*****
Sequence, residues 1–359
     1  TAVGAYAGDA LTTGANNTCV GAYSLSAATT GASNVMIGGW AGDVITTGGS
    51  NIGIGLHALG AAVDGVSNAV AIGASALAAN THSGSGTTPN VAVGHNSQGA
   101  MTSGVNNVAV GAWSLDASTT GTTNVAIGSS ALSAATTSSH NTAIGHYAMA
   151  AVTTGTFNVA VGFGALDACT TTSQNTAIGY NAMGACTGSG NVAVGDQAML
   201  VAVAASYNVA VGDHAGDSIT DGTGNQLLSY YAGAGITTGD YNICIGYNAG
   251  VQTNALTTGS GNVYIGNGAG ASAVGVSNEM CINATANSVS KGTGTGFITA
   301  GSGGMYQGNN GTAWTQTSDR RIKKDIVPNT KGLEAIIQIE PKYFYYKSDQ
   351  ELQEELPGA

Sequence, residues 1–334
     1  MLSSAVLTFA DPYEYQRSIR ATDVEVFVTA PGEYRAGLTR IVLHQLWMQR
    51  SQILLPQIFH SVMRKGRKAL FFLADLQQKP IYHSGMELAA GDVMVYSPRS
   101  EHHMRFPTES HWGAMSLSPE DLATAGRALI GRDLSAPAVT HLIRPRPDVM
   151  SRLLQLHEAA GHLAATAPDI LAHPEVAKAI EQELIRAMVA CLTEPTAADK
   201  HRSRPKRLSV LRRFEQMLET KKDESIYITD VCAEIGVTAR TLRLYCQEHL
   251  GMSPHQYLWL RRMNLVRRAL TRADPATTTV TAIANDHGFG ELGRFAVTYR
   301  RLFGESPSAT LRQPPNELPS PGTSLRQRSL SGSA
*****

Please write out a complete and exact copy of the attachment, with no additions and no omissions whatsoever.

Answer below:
Sequence, residues 1–359
     1  TAVGAYAGDA LTTGANNTCV GAYSLSAATT GASNVMIGGW AGDVITTGGS
    51  NIGIGLHALG AAVDGVSNAV AIGASALAAN THSGSGTTPN VAVGHNSQGA
   101  MTSGVNNVAV GAWSLDASTT GTTNVAIGSS ALSAATTSSH NTAIGHYAMA
   151  AVTTGTFNVA VGFGALDACT TTSQNTAIGY NAMGACTGSG NVAVGDQAML
   201  VAVAASYNVA VGDHAGDSIT DGTGNQLLSY YAGAGITTGD YNICIGYNAG
   251  VQTNALTTGS GNVYIGNGAG ASAVGVSNEM CINATANSVS KGTGTGFITA
   301  GSGGMYQGNN GTAWTQTSDR RIKKDIVPNT KGLEAIIQIE PKYFYYKSDQ
   351  ELQEELPGA

Sequence, residues 1–334
     1  MLSSAVLTFA DPYEYQRSIR ATDVEVFVTA PGEYRAGLTR IVLHQLWMQR
    51  SQILLPQIFH SVMRKGRKAL FFLADLQQKP IYHSGMELAA GDVMVYSPRS
   101  EHHMRFPTES HWGAMSLSPE DLATAGRALI GRDLSAPAVT HLIRPRPDVM
   151  SRLLQLHEAA GHLAATAPDI LAHPEVAKAI EQELIRAMVA CLTEPTAADK
   201  HRSRPKRLSV LRRFEQMLET KKDESIYITD VCAEIGVTAR TLRLYCQEHL
   251  GMSPHQYLWL RRMNLVRRAL TRADPATTTV TAIANDHGFG ELGRFAVTYR
   301  RLFGESPSAT LRQPPNELPS PGTSLRQRSL SGSA